It is Business and it is Personal – Why Financial Planning for Business Owners is Necessary
My dad had a classic line, “Son, the only two certainties in life are death and taxes.” I would add a third: change. Anything that is alive changes.
This is certainly true for businesses. For most business owners, there are three stages: survival, growth and exit. Within these three stages are numerous challenges and opportunities. This story highlights some of these, especially as it relates to personal values and personal financial planning, which are often forgotten as the business demands all the attention.
In the beginning, an entrepreneur’s primal need is to survive as most days are consumed by the business. Sweat-equity is commonly used to describe the crucible of a new venture. In “Seven Habits of Highly Effective People,” author and businessman Stephen Covey advises, “Begin with the end in mind.” At the outset of any venture, it is useful to think about the desired destination and try to chart a reasonable path to get there. For the business owner, doing personal financial planning alongside business planning can be essential. Business affects personal and personal affects business.
Clarify your values before starting a venture. Make a list of things you won’t do, like mortgage your health. Have a conversation with your family about time away and the toll it will take on them. Consider your feelings on debt and standard of living. What sacrifices might you and your family need to make in the beginning? What are your personal financial contingency plans if success proves elusive?
In the growth stage, you transition from survive to thrive. It’s a time to re-imagine possibilities. What does thrive mean for the business and for you personally? Where is the next destination? How long will it take to get there? Should personal finances remain in survival mode, allowing the business to reinvest its earnings and achieve maximum value in a liquidity event? These are important conversations to have, especially with others affected by these choices.
The final stage, exit, can come about in a myriad of ways: planned or unplanned, by choice or by forces out of one’s control. You might picture a more secure and enjoyable life in your future after a liquidity event. A less successful venture might cause you to picture an end coming from unpredictable market forces, tax law changes, unexpected health decline, death or disability, etc.
- Are you stress testing your business and personal finances for these different scenarios?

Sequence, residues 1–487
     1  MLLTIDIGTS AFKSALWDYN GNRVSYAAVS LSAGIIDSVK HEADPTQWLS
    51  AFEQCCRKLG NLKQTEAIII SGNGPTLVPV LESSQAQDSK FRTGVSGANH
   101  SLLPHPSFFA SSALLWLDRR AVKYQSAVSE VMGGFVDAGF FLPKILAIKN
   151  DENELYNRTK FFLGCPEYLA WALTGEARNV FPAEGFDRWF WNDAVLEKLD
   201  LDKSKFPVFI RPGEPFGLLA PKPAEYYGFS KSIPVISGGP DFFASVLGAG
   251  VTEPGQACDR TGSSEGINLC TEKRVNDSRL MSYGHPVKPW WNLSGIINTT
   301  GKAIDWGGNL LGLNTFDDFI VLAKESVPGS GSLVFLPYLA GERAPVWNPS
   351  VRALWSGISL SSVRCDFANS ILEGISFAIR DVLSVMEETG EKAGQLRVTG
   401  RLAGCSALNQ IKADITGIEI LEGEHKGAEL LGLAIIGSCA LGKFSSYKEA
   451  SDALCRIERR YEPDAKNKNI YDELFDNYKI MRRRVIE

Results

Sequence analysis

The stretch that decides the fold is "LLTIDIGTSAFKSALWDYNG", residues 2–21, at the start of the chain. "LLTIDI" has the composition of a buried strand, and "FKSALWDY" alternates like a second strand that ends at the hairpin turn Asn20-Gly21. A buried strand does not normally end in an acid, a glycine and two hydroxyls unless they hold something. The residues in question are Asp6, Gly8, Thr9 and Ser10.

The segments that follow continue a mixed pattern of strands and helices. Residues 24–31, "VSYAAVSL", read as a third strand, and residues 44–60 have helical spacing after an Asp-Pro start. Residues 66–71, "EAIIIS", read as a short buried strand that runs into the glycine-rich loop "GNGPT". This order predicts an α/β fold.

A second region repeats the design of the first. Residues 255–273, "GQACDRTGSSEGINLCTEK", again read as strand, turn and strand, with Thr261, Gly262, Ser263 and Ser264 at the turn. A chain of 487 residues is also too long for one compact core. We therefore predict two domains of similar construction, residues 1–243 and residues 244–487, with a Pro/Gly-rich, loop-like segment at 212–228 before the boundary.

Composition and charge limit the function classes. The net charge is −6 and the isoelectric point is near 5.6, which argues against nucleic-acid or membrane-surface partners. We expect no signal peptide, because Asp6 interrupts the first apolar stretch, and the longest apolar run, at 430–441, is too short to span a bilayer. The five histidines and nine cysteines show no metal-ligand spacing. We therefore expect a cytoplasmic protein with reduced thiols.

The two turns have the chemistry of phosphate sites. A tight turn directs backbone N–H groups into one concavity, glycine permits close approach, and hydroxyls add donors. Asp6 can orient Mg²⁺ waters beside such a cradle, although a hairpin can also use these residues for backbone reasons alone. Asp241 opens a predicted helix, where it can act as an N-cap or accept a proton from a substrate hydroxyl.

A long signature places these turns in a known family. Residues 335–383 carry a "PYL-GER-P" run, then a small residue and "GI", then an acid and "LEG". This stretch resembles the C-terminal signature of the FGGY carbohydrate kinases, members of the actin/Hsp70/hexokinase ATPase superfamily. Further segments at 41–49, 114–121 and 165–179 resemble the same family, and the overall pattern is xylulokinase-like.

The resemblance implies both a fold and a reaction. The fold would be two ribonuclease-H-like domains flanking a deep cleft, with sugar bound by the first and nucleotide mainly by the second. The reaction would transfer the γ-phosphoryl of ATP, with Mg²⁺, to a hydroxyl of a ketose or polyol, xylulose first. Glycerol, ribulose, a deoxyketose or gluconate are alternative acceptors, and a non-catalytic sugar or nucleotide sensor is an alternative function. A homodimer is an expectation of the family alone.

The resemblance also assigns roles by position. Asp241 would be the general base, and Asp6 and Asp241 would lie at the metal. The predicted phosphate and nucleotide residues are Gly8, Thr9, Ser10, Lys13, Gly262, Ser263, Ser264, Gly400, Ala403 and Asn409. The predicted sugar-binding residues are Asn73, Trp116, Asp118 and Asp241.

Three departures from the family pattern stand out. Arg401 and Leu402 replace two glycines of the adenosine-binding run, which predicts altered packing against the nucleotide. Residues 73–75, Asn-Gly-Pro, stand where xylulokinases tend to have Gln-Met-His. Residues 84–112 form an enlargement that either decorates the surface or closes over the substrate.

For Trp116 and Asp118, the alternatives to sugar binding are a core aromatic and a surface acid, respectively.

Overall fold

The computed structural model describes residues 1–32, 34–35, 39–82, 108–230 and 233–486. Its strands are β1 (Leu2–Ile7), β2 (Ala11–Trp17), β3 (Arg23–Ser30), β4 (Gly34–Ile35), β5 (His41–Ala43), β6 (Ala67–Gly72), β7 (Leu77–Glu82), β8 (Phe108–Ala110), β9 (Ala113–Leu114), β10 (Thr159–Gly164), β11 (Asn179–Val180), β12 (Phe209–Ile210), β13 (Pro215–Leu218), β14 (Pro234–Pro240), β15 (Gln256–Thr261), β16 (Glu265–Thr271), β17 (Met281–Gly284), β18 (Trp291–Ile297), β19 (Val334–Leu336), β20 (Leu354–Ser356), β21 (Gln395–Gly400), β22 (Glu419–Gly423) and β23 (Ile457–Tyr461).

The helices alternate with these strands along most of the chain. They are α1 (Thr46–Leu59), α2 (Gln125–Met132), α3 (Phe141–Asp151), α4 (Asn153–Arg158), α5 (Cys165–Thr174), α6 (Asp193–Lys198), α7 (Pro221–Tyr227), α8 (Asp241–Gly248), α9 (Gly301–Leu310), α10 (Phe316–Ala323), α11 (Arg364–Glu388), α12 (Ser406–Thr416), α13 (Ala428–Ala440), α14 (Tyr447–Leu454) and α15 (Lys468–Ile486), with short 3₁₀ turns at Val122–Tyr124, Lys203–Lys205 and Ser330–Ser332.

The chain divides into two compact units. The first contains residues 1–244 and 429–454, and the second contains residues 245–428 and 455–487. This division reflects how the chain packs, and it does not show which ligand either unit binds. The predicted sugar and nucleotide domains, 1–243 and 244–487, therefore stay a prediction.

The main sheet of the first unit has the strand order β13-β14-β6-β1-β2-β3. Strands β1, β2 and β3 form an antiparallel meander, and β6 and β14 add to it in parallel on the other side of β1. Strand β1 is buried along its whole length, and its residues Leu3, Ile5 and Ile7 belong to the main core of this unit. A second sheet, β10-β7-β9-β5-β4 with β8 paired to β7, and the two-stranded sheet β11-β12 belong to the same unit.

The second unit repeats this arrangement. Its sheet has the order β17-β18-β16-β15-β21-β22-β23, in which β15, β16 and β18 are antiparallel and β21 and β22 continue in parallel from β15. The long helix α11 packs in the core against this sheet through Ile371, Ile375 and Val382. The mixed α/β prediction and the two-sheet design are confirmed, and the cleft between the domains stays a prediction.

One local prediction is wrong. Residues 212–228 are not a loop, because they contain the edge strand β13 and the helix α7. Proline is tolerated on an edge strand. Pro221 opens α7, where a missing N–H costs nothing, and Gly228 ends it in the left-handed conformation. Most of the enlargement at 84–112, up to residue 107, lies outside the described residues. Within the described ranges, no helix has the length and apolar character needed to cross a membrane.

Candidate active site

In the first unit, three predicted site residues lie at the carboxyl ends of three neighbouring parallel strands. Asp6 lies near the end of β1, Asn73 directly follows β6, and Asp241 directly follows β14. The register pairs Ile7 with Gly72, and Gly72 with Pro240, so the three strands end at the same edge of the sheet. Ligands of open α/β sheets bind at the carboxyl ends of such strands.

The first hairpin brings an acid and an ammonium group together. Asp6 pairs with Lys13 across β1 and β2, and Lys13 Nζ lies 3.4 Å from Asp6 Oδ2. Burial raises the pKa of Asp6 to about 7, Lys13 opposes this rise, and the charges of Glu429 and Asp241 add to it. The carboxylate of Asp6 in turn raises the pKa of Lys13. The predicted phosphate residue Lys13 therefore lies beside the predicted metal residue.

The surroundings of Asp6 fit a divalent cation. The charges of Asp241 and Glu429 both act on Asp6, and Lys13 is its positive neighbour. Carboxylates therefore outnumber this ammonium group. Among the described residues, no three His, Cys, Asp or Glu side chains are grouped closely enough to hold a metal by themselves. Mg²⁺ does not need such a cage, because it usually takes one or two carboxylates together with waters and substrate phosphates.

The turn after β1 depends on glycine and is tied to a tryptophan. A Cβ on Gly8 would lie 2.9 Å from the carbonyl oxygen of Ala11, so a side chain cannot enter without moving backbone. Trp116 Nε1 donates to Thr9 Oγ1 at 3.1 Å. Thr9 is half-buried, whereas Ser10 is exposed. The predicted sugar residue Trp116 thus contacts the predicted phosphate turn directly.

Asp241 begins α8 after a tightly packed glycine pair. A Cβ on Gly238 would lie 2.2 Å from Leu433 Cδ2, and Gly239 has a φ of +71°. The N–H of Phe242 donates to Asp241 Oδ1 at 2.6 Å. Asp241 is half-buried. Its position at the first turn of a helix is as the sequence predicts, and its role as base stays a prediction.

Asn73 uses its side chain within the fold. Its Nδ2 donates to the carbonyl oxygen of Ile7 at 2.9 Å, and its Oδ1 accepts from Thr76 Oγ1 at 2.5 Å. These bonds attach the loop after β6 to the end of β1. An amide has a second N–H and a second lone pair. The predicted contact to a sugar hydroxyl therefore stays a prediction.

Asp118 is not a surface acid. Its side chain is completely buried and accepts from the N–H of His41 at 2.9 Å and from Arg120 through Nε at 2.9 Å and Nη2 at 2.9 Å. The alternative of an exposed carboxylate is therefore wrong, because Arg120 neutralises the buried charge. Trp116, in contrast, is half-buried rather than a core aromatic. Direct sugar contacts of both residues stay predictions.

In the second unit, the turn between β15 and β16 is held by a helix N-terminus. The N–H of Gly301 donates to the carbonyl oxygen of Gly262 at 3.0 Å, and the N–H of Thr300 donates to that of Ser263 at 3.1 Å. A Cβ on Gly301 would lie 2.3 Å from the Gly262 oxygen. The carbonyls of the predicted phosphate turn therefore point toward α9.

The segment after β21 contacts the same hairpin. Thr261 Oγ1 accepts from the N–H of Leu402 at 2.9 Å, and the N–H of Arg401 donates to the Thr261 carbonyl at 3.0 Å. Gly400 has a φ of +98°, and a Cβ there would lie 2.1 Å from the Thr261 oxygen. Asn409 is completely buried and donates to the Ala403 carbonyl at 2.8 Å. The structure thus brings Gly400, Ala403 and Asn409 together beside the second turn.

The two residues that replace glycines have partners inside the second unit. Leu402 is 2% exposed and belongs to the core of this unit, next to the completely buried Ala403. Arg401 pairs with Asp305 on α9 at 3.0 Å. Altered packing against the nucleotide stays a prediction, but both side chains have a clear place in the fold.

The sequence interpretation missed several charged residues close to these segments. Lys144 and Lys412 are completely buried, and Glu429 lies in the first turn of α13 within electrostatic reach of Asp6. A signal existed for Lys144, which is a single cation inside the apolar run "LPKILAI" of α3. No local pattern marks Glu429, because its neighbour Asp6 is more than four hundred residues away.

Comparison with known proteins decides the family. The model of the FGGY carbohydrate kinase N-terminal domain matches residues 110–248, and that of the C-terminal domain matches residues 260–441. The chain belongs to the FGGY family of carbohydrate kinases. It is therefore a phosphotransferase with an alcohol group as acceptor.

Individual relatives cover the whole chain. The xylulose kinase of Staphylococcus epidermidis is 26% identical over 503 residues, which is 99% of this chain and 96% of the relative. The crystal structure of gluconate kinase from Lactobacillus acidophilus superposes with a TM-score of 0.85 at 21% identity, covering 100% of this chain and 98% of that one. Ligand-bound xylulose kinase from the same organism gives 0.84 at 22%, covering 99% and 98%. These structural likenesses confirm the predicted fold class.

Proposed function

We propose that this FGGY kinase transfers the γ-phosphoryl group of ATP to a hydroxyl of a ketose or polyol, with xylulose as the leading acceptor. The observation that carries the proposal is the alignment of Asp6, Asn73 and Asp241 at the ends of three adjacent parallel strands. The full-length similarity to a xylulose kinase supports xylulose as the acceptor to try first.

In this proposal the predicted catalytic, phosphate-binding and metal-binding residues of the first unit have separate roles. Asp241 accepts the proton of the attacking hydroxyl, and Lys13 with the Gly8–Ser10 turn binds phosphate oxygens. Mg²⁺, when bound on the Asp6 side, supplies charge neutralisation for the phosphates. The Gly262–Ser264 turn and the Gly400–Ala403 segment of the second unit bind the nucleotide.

- What if the business sells at a date of your choosing, but for less than you planned?
- Will you have saved enough?
- What if you decide to pass the business on to your children?
Planning for the final stage is needed long before the end is in sight.
The most important part of the exit is defining what’s next.
- What will life look like without the business you created?
- What changes will you make in your personal life?
- What activities will you want to stop, continue or start?
- How do you want your new wealth to change you, or not change you?
- What business expenses will now become personal expenses without the tax write-offs?
- Will you start another business?
- If you take time off, what will you do with the time?
All these questions are worth considering many times over during the lifecycle of a business.
An entrepreneur can start many businesses and achieve financial success, but he or she only has one life to live. An entrepreneur’s personal life and finances should be cultivated and planned for with the same dedication it takes to start, grow and exit a business. There certainly is a time for everything, but over the course of a lifetime, should the business owner serve the life of the business, or should the business serve the life of the business owner?
TrustCore helps clients navigate the unique planning challenges of entrepreneurship, including personal financial planning in each phase of business ownership. To start a conversation, contact us.
TrustCore is one of the largest independent wealth management firms in the U.S. From its offices in Brentwood, a suburb of Nashville, TrustCore advises on client assets of $1.8 billion for clients in 34 states across the nation.
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